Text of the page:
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Six Degrees of Estimation

February 3rd, 2005 · No Comments · NYC, Subway

The A and C subway line, which recently was hit by a bad signal room fire, was running again yesterday. While total service wasn’t restored, it is up to about 70% of the previous level. Remember that this is the same subway line that was going to take 3 to 5 years to get running again. But I’m not complaining.

How was something that originally was thought to take 3 to 5 years to do actually took less than two weeks to mostly fix? I think it is a fine example of how estimates are handled in almost all bureaucracies. Here’s what probably happened.

The engineers are digging through the burnt out signal room, trying to get a handle on things.

“How bad is it? How long will it take to fix?” says the crew foreman.

The engineers poke around, and look at each other in silent consultation. They mutter among themselves, and decide it is probably about two weeks of hard, around-the-clock work to get something running. The elder engineer hedges. “Four weeks,” he tells the foreman. The foreman nods, thinking that a month isn’t too bad, considering the damage.

His supervisor calls up the foreman. “We need an estimate, we’ve got to announce something to the press. How long to fix it?”

The foreman starts to reply, but pauses. This job is going to be under a lot of public scrutiny, and that fire damage looked pretty bad. He decides to be a little cautious.

“We can get it back up and running in 2 months. Maybe less, but it’s hard to tell,” he replies to his supervisor.

“You sure about that?” says the supervisor. “I have to report that estimate to the director.”

The foreman thinks about this. “Okay, three months. Three months for sure.” He knows the crew will be happy to have a little breathing room.

The supervisor hangs up, writing down three months as the estimate. He walks down the hall to meet with the director. He plays the conversation with the foreman over in his head. The foreman didn’t sound so sure about that estimate. And if this restoration work runs long, the public will be screaming and people could get fired.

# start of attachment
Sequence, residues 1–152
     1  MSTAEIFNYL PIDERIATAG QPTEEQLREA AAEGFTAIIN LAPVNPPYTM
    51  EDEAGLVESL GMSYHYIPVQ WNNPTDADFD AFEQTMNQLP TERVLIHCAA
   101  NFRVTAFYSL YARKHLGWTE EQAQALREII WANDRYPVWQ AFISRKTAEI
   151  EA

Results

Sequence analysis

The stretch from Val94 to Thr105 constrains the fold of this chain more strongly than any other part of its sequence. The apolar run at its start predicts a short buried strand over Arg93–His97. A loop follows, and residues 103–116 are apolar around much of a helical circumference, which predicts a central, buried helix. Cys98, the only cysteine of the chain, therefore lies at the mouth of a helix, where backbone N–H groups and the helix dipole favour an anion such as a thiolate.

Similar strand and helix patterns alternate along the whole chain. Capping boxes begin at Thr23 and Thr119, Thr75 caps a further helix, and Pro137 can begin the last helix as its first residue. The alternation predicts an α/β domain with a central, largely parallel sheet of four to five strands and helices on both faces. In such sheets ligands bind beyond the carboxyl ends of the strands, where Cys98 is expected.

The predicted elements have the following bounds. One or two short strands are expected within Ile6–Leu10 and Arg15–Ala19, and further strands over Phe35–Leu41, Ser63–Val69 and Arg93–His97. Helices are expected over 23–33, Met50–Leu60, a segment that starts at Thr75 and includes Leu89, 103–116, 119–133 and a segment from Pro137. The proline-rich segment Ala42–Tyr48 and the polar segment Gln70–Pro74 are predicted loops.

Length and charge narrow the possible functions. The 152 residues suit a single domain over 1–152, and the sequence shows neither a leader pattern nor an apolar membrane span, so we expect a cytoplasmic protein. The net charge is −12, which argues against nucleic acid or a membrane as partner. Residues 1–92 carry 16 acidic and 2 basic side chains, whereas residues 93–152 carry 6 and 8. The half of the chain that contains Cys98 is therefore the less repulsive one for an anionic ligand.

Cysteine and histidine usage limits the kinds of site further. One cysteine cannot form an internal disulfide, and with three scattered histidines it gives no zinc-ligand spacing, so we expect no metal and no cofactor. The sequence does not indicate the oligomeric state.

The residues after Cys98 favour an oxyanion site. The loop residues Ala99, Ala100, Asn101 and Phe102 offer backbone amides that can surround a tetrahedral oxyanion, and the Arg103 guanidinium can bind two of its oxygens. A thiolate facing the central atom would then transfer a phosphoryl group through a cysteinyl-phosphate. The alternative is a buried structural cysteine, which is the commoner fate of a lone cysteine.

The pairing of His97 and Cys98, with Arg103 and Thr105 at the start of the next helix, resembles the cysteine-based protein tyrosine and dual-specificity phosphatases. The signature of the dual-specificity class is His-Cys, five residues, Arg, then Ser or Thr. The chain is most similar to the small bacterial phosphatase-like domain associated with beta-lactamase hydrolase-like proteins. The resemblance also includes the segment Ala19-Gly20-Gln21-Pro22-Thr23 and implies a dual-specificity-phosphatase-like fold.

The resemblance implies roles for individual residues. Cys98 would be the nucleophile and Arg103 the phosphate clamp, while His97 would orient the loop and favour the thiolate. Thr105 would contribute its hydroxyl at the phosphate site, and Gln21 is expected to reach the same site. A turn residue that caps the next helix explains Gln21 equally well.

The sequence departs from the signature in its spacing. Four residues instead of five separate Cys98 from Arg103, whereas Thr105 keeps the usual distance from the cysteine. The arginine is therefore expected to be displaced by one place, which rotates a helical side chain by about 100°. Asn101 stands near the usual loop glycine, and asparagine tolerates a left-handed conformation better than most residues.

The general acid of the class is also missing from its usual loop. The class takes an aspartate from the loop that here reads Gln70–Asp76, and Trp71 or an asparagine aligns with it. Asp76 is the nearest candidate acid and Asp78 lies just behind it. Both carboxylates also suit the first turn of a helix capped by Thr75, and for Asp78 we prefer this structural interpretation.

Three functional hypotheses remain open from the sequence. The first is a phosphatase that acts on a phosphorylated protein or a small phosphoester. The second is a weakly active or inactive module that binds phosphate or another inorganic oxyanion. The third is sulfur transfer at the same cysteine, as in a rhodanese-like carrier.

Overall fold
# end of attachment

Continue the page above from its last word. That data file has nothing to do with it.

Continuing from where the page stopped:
“So,” says the director, “what’s the assessment? When will service be restored?”

Confidently, the supervisor responds “Six months.”

“Six months? That’s a long time to have no service on two of our very busy lines.”

The supervisor flinches inside, but sticks to his guns. “Well, sir, that fire caused a lot of damage, and the signaling system is key to the safety of the system. We have to do it right.”

The director nods grimly.

“Well, I need to run. I have a meeting with an assistant to the MTA President, who is about to have a press conference.”

They shake hands and the director gathers up his notebook and heads for the elevator. If it is going to take six months to fix it, he thinks, it must be really bad in that signal room. As he sits down and listens to other people gathered at the meeting, he ponders what he will say.

The assistant to the MTA President notices him at the table, and asks “Did you get that repair estimate?”

“I just met with the signaling supervisor who spoke with the foreman just a little while ago. He tells me the situation is very bad. In order to restore service, they’ll have to completely rebuild the signal room. We looking at a year before we will have restored service.”

The room gets quiet. Someone whistles in surprise.

“That is pretty bad.”

“I know, but since the damage is so extensive, we’re basically not talking about repairing the room, but more like a forced equipment upgrade. We’ve been meaning to update that signaling equipment for some time now, and it seems like now we’ve got no choice but to do it now. And you’ve seen the timelines for those upgrades.”

Everyone starts nodding. The director relaxes.

The cell phone of the Assistant to MTA President starts to ring.

“If you’ll excuse me, everyone,” he says as he steps outside the conference room to take the call.

“I go on in five minutes,” says Lawrenece Reuter, MTA President. “What am I saying?”

“Well, sir, according to the engineers, there’s nothing to salvage. We’ll have to completely replace and upgrade all signal equipment for the effected lines. It will take… 2 years for service to be fully restored.”

“Okay. Thanks. I’ve got to get ready,” says Mr. Reuter, as he hangs up.

Shit, he thinks as climbs up to the podium to address the press, if they are telling me 2 years to fix it, it must be a total disaster…

Well, you know what he told the press. And oddly enough, the engineers got the work done in about two weeks.

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